Research Findings Workshop
In October of 2020, I attended a Nielsen Norman Group course on Facilitating UX Workshops. I presented an overview of the course to my team at Moz, and one of my team members asked if I could walk her through how to facilitate a cross-functional workshop for her current project.
As her direct manager, I acted as her mentor and guide as she put together the project plan. She scheduled all of the meetings (brainstorming, check-ins, and the workshop itself), and brought proposals to the table. I made suggestions, and sent her links to articles and resources for facilitating the types of workshops we selected. I also attended the workshop as a participant and stepped in to help smooth the workshop experience when she was stuck.
The workshop goal was to help the project team digest and discuss research findings as a cross-functional group, and use the workshop activities to align, prioritize and act on research findings. To accomplish this, we used three exercises for the workshop: Forced Ranking; Effort/Impact Matrix; and Landscape Mapping.
This was facilitated 100% remote, using Miro. Our workshop participants were physically located in Seattle (USA), Denver (USA), and Vancouver (CAN). Our team is 100% remote because of the pandemic. Our attendees included representatives from product management, UX, marketing, and engineering.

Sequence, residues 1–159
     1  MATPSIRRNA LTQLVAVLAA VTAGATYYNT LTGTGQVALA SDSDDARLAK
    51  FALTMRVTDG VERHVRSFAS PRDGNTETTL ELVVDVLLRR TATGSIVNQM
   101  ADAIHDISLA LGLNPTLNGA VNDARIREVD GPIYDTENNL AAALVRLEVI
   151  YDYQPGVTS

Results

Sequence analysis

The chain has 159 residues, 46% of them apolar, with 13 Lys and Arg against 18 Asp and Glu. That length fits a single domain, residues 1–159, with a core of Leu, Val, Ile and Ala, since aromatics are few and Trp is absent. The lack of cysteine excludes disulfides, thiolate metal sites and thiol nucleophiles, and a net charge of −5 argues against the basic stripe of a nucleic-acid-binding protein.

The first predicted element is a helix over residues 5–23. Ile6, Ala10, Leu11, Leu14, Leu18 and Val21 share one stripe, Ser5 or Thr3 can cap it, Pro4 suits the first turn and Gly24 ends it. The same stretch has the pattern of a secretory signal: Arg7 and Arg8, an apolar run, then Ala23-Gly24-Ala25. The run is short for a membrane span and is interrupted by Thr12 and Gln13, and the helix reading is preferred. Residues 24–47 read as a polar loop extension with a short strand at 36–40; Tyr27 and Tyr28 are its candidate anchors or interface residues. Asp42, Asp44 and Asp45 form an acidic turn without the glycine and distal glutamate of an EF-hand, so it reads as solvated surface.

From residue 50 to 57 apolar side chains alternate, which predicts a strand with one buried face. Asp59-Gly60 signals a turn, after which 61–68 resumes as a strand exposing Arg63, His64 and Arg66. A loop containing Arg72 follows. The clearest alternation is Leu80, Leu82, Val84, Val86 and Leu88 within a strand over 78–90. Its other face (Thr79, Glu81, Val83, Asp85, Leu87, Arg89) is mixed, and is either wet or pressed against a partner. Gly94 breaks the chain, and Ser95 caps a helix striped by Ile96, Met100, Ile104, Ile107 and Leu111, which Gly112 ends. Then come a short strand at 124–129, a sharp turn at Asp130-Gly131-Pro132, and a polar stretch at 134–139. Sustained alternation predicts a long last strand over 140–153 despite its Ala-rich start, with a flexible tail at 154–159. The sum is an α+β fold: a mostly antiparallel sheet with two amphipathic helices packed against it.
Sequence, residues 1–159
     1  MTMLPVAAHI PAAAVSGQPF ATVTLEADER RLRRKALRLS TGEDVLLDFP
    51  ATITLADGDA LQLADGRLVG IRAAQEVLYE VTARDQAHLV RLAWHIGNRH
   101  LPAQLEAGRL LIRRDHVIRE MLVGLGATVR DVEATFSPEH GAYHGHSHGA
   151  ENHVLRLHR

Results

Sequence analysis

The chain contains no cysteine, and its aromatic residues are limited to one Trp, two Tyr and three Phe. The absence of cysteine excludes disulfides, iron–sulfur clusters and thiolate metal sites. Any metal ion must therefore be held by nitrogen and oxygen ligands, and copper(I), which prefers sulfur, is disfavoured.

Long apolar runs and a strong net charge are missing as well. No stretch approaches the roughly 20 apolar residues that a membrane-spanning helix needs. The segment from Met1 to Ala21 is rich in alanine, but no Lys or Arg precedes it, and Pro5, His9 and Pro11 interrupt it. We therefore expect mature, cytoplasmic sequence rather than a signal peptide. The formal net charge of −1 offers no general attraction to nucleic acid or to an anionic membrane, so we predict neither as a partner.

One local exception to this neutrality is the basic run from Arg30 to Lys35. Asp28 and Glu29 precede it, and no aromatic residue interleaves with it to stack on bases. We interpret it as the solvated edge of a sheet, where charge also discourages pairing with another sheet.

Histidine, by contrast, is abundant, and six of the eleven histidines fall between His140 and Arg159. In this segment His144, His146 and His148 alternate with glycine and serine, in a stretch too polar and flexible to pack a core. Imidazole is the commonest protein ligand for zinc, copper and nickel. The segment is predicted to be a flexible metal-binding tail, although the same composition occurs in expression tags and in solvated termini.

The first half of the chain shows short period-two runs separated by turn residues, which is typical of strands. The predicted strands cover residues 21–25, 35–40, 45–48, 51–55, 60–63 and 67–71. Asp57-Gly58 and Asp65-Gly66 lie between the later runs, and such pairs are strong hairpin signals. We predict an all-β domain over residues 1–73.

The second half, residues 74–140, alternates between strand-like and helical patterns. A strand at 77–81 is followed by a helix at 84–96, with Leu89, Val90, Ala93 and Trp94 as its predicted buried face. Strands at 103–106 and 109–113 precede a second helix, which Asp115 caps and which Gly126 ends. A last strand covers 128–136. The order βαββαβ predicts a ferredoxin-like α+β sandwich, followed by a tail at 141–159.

First, my team member pulled out the key insights from our research. Our workshop participants then voted on each of those insights using dot voting. After voting, we all discussed why we voted how we did, and some of us moved our dots around. We gave the Product Owner an extra vote to break any ties. In that discussion, we realized that some of the user insights were already planned for MVP, and some of them needed further research; we set those aside so we didn't include them in the next activity.
The next activity was creating an Effort/Impact Matrix. We plotted the remaining insights into 4 buckets (high/low impact; high/low effort.) We randomly assigned the insights to participants, and then we all talked through them to assess which bucket they belonged in the matrix. In that process, we also discovered that there were some additional stickies that were either already planned, or where we needed more research.
Next, we did a landscape mapping exercise. We created swimlanes for "solve for alpha" "solve for beta" and "solve for later." We chatted through where they belonged in our project plan.
We wrapped up with a brief retrospective, where we created stickies in three categories "was helpful/added value," "not so helpful," and "ideas." We discussed the feedback, and created a plan for how to move forward with more of these workshops on similar projects.
It was a very well-received exercise, and provided clarity and direction. Product, engineering, and marketing all asked for this to be included in the plan as part of future product planing. The engineer said that he wished this had been done on one of his past projects because it could have helped them make better decisions faster on the product direction. UX will be including a workshop for prioritizing research findings in our future projects. It may not be this exact process, but this gives us a direction for starting.